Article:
Spouses have a legal right to an inheritance, which can take priority over a will. In New York, marriage gives spouses certain rights when their partner dies. If someone tries to disinherit their spouse, that attempt may not be successful. A surviving spouse can take up to half of an estate after payment of the decedent’s debts and taxes regardless of what a will provides. If the decedent left no surviving children, the spouse can take half of the estate. If he or she did leave children, the spouse can accept a third of the estate and the remainder goes to the children. If one-third is less than $50,000, the surviving spouse can take $50,000 instead.
If a spouse is disinherited in a will, that spouse would have to bring a court action to claim the legal share. However, if a surviving spouse doesn’t object, the will is honored. Spouses have six months to notify the court if they disagree with the will.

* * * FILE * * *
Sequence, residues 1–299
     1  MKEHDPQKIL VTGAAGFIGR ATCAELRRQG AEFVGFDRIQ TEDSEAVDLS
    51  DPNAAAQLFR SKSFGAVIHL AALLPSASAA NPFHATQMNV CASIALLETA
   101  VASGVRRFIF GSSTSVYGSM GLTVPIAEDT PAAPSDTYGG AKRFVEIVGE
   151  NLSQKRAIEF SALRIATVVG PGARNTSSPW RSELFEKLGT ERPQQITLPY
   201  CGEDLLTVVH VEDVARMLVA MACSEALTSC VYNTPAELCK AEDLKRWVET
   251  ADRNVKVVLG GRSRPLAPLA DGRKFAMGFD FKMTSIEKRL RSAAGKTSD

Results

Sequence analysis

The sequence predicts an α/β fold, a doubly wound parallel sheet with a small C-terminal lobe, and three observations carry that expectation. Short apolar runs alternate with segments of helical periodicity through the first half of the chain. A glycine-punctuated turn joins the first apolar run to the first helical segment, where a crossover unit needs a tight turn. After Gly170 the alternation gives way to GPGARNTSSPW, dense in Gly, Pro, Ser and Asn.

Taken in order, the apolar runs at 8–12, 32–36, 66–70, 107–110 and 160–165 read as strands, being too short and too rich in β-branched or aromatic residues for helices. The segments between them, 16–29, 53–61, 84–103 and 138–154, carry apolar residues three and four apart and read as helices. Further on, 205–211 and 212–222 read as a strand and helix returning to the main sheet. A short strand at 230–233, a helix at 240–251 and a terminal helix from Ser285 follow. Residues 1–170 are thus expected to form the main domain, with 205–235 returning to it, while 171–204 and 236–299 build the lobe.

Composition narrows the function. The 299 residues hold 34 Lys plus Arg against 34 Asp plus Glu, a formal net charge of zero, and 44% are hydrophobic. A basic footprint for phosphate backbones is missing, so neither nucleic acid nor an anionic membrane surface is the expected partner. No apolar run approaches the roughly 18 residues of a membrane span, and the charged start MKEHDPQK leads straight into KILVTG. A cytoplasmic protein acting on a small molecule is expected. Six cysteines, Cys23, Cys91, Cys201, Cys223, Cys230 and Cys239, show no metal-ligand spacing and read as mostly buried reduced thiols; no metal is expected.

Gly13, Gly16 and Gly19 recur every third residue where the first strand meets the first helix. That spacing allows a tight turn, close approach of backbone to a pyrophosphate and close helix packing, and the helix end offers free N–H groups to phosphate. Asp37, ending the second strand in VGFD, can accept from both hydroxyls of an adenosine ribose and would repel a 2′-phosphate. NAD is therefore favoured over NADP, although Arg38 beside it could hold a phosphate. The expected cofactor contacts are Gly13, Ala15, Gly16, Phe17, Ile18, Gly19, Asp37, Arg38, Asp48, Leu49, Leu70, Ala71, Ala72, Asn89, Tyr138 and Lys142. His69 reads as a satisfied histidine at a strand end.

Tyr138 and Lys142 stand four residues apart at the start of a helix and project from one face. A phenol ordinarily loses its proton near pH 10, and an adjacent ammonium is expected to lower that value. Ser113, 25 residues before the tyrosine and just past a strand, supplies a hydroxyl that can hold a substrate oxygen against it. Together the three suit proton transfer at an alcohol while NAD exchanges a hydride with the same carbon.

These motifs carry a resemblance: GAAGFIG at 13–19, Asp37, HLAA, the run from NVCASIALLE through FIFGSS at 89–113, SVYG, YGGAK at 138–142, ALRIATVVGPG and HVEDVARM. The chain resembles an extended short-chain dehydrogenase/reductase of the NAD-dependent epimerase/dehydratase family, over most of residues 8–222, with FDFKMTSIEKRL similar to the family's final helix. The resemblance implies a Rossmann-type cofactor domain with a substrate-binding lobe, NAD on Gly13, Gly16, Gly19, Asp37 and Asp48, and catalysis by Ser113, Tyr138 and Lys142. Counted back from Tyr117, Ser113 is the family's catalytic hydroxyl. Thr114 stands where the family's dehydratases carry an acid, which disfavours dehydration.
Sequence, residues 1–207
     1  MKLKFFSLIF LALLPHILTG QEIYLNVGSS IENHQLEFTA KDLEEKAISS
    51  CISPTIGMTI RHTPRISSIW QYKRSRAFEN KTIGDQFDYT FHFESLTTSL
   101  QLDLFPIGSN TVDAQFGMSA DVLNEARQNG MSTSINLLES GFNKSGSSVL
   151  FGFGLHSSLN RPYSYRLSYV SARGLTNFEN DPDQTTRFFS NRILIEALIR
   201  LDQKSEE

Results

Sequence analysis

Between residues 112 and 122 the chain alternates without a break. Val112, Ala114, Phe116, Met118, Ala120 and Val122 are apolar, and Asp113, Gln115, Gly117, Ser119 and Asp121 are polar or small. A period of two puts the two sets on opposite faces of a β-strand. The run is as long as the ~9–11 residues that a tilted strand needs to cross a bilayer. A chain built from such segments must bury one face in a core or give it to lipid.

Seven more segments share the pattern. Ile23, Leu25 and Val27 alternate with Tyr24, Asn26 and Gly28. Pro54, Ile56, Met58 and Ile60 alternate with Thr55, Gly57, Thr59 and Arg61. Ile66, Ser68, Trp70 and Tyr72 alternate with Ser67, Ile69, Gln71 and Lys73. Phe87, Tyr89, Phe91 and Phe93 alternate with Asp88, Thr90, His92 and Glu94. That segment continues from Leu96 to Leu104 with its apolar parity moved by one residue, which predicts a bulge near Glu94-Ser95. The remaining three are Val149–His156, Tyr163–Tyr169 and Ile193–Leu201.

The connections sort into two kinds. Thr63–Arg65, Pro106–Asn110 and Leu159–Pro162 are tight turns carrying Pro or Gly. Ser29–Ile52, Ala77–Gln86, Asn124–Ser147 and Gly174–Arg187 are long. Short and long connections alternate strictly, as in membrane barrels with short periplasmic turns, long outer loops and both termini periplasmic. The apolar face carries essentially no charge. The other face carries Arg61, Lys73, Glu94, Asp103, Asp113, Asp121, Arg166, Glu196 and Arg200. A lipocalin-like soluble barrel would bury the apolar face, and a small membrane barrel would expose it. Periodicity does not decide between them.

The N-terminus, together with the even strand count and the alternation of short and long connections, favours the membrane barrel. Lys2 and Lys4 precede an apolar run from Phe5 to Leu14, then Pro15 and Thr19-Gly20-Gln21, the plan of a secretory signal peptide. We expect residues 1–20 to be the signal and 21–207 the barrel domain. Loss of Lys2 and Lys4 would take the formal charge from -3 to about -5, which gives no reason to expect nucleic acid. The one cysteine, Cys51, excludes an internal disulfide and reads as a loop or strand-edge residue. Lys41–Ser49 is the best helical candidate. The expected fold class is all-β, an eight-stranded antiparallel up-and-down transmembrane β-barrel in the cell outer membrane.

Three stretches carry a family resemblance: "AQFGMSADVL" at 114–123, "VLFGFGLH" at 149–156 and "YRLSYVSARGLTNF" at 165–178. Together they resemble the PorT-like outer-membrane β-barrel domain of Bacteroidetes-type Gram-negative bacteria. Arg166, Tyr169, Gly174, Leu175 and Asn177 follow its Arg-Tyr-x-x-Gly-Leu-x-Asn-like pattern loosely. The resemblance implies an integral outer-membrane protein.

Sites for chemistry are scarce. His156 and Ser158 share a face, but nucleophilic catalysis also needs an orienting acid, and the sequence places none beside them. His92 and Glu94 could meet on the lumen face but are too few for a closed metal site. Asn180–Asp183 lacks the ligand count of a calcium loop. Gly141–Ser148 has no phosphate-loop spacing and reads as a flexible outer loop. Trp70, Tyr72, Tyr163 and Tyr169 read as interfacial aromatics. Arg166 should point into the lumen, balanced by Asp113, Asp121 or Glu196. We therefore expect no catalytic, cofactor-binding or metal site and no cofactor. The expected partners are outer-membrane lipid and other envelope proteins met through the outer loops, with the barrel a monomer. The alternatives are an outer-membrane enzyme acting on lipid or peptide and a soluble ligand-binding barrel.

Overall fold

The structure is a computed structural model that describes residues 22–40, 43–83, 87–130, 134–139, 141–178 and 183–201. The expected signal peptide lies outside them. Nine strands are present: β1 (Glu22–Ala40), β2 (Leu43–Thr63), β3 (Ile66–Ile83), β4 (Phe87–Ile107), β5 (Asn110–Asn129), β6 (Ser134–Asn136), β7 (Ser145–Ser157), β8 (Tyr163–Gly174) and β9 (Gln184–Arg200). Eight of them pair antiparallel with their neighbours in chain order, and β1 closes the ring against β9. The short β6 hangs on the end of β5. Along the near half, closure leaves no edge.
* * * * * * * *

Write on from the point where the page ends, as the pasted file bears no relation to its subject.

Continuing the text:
New York law also protects spouses when their partners die without leaving a will or “intestate.” If a decedent dies intestate and there are no children, his surviving spouse inherits his or her estate. Otherwise, he or she receives $50,000 and the children share the remaining half. If a decedent’s children die before him or her but he or she has grandchildren, the grandchildren would inherit their parent’s share.
Divorce terminates inheritance rights. Unless the decedent specifically states in his or her will that he or she wants a former spouse to inherit, a divorce overrides the will. For assistance in creating a will or determining bequests, consult with an experienced estate planning attorney.